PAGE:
This year HM Submarine Ocelot celebrates her 60th birthday. She was the last warship built at Chatham for the Royal Navy and was on duty as a ‘spy’ submarine during the Cold War until she was decommissioned in 1991.
Ocelot now forms part of the Historic Ships Collection at The Historic Dockyard Chatham and is visited by thousands of people every year.
Preparations have begun with a ‘Big Clean’ where a team of amazing volunteers have been polishing, buffing and generally getting her ready for the forthcoming celebrations. As you can imagine, it is a mammoth task to clean this 73 meter long vessel. We have had 40 volunteers (approximately 10 per day) working for around 5 hours each day, resulting in over 400 hours of cleaning.
Ocelot was built to accommodate a complement of 69 men and she is crammed with equipment, miles of wiring and storage in all manner of spaces, not to mention her two huge engines and the operations room with a myriad of switches, dials and knobs.
We have been fortunate enough to have also had a team of student volunteers from Bradfield’s Academy, who have been able to join our wider volunteer groups to help get Ocelot ‘ship shape’ – or rather, ‘boat shape’ for her birthday.
The expression ‘ship shape and Bristol fashion’ originates from the time that Bristol was a major port and all its shipping was maintained in good order. However, Royal Navy submarines are known as boats, the reason for this was due to the historical fact that early submarines were carried by and launched from ships and the convention was that ‘ships carry boats’, a ship cannot carry another ship! So, the term ‘boat’ for a submarine still persists.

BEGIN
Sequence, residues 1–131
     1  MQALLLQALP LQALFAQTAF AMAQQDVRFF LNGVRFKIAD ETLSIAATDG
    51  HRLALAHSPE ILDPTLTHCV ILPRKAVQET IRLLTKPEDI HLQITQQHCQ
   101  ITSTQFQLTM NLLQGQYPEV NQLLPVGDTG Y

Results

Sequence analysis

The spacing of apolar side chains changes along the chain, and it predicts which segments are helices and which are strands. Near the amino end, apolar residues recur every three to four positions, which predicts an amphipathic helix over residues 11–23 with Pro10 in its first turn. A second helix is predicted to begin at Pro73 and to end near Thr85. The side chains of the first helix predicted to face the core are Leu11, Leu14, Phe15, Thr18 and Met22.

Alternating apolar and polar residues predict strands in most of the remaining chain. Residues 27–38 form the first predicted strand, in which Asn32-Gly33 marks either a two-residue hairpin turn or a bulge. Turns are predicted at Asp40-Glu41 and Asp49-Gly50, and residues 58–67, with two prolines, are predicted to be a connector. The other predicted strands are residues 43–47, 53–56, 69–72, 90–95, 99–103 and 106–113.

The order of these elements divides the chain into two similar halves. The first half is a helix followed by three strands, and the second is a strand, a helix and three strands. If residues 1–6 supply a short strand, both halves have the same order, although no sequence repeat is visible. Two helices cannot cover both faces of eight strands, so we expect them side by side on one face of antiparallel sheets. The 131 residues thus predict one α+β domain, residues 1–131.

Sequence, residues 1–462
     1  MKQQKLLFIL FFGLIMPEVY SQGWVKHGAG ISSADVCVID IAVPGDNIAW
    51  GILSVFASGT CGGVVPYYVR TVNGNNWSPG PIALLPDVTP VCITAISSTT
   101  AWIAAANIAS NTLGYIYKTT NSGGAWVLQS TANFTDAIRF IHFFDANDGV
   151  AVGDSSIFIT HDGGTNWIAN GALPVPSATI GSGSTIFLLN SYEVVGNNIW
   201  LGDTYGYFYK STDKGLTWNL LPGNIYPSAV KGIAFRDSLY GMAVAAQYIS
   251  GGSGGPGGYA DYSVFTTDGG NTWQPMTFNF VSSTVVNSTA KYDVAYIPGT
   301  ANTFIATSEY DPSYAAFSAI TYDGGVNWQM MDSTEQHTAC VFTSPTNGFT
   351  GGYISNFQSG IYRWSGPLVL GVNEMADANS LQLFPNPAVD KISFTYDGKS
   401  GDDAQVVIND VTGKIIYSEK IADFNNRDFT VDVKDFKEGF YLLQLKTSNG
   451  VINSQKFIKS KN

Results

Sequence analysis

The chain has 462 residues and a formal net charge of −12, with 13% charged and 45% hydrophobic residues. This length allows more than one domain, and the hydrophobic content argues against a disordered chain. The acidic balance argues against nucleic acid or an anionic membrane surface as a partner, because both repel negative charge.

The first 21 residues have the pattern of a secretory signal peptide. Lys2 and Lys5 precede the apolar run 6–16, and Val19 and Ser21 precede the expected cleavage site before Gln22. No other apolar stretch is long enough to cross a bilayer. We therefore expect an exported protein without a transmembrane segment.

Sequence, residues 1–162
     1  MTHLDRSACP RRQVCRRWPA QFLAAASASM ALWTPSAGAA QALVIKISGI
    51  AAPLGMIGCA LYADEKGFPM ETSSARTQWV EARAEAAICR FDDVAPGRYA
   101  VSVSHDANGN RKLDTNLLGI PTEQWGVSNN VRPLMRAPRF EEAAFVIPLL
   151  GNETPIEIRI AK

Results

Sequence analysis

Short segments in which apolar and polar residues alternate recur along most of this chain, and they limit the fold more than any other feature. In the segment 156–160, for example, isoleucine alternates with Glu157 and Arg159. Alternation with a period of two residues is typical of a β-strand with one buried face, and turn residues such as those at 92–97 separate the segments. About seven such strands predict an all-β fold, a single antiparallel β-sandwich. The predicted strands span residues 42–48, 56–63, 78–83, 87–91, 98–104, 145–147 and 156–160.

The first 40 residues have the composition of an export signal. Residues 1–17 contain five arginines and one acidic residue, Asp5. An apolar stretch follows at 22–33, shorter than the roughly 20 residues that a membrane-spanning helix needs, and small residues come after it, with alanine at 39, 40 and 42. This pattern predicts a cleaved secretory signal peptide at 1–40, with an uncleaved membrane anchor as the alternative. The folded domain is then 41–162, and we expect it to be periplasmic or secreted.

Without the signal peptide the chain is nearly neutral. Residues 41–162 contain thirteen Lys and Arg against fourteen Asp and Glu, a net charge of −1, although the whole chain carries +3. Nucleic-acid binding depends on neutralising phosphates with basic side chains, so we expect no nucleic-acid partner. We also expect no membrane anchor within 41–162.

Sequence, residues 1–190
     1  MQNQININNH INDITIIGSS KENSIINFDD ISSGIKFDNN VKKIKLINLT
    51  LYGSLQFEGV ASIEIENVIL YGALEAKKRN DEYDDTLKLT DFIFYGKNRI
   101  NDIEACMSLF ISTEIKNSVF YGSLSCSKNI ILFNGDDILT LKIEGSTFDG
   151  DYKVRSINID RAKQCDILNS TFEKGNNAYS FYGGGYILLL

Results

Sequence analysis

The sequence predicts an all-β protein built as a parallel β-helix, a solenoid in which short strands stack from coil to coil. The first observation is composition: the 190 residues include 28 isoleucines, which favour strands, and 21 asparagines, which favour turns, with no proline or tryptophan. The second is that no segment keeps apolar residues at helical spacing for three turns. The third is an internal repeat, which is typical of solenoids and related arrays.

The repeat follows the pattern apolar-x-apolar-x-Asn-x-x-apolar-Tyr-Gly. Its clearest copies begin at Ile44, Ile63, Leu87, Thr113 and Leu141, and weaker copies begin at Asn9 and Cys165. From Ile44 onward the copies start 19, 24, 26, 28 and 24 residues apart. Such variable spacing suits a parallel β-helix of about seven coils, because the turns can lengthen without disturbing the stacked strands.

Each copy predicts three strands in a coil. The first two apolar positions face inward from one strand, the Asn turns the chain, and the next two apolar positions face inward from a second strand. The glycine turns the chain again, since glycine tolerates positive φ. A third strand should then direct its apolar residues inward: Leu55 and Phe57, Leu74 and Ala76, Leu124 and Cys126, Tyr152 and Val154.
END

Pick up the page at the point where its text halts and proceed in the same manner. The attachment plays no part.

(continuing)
Life on board a submarine was crowded and there are many stories of how the men lived (it was only men onboard during Ocelot’s commissioned years). One favourite story for the many children who visit Ocelot every year is to hear about how the submariners were unable to shower, bath or do laundry since all the fresh water was needed for drinking and cooking. When they took off their uniforms they would put them under their mattresses as their bunks were the only place they could store personal things. They would often just wear their pants around the submarine but, as they were unable to wash them, they wore them one way for a week, then wore them back to front for the next week, the following two weeks the underwear was turned inside out. If they had to wear them for longer, we cannot imagine what happened ….
Why don’t you come to visit HMS Ocelot in The Historic Dockyard Chatham and discover more of her fascinating stories?